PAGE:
An interdisciplinary team of Washington University researchers has developed a high-throughput microfluidic bioelectrochemical cell (μBEC) that collects electrochemical data and is compatible with live-cell microscopy and spectrometry. This device transcends the capabilities of standard bioelectrochemical analyses (low-throughput bulk reactors), which can only perform analyses serially rather than in parallel. Using an array of microscale chambers, the μBEC is high-throughput and can analyze up to 96 biological or experimental samples at a time. The μBEC is also compatible with optical imaging (such as confocal, fluorescence, and super-resolution microscopy) and secondary-ion mass spectrometry (SIMS) instruments. The versatility of this invention makes it a powerful tool for studying the bioelectrochemistry of living cells and for developing advanced nanomaterials.
Stage of Research
Prototype – The inventors have used a four-chamber configuration of this device to simultaneously acquire publication-quality electrochemical data and fluorescence confocal images of microbial cells. They have also built a prototype compatible with plate readers and common laboratory equipment using the standard 96-well plate format and demonstrated that they can use ultrasonic standing waves to manipulate cells in the μBEC.
Future work – The inventors are now developing prototypes compatible with super-resolution imaging and SIMS, as well as devices that allow removal of chamber bottoms after experiments for further downstream analysis.
- Electrophysiological research of excitable cells such as neurons or of ion channels and pumps
- Bioelectrochemical research of microbes using extracellular electron transfer (EET)
- Advanced nanomaterials development using the device as a substrate for charge-tunable assembly of DNA, biofilms, and other biomaterials or polymers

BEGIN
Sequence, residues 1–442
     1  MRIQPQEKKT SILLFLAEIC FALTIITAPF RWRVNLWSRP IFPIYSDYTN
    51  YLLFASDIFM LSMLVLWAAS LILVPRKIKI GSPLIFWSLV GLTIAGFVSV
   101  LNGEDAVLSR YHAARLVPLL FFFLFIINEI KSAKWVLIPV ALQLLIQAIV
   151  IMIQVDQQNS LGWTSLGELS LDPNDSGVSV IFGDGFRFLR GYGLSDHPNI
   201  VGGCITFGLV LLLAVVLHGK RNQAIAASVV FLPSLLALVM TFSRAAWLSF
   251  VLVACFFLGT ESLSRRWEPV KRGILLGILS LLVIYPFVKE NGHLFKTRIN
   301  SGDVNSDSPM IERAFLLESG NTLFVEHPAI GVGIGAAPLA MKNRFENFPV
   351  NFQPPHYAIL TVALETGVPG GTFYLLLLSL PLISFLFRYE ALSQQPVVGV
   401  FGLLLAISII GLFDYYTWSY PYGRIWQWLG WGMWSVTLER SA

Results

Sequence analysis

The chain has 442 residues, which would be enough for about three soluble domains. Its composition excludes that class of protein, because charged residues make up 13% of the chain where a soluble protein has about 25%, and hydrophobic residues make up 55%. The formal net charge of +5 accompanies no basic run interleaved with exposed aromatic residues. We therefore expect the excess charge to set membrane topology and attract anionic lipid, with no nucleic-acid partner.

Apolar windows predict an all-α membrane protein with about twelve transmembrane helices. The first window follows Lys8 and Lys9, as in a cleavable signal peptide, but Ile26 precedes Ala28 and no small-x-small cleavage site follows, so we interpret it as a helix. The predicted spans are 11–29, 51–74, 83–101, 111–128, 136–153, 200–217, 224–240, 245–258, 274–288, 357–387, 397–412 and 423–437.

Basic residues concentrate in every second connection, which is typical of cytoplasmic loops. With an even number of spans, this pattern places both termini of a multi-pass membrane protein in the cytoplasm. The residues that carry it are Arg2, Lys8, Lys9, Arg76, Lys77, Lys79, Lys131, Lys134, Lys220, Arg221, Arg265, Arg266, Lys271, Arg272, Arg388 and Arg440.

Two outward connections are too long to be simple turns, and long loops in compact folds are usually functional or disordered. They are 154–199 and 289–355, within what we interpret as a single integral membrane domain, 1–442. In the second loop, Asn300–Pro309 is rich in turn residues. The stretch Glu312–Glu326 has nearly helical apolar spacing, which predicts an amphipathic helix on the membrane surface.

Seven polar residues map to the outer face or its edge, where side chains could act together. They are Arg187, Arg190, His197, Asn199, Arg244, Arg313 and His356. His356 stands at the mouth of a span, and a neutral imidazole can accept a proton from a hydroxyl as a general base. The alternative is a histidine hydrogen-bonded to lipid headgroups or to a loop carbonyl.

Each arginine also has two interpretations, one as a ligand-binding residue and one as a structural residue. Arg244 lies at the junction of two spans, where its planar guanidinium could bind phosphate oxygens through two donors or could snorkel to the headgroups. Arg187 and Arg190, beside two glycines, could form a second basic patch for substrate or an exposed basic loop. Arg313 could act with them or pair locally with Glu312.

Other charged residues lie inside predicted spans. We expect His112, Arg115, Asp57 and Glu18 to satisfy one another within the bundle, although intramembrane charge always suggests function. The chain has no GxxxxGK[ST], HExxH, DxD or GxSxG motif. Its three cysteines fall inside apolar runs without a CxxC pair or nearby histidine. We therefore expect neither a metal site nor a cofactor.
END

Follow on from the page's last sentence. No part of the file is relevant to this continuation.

- Compatible with other analytical instruments – can acquire electrochemical data while also analyzing with:
- Fluorescence microscopy
- Confocal microscopy
- Super-resolution microscopy
- High throughput – arrayed, multi-chamber setup compatible with conventional 96-well plate format allows for bioelectrochemical analysis of over 10-fold more samples at once than with bulk reactors, facilitating strong statistical analysis and genetic library screens
- Multiplexed analysis – precise control over experimental conditions in each well facilitates greater complexity in measurements and experiments
- Scalable manufacturing – designed for cost-effective and high-volume manufacturing
Publications: Guzman, M. S. et al. Phototrophic extracellular electron uptake is linked to carbon dioxide fixation in the bacterium Rhodopseudomonas palustris. Nat. Commun. 10, 1355 (2019).
Schematic illustrating μBEC assembled with standard 96-well spacing. Left. Overhead view displaying arrayed chambers, microfluidic channels, and reference (white), working (black), and counter (red) electrodes. Chambers can be separate or interconnected with microfluidic lines and can be used to investigate one or more biological samples in one or more sets of experimental conditions. The device architecture shown here permits up to 6 different fluids/cell types and up to 48 different electrical conditions. Middle. Enlarged top and cross-sectional side views of single μBEC unit cell containing surface-attached cells. Right. Image of μBEC prototype.
Patents: Micro-bioelectrochemical cell devices and methods of detecting electron flows (U.S. Patent Application Publication No. 20200282396)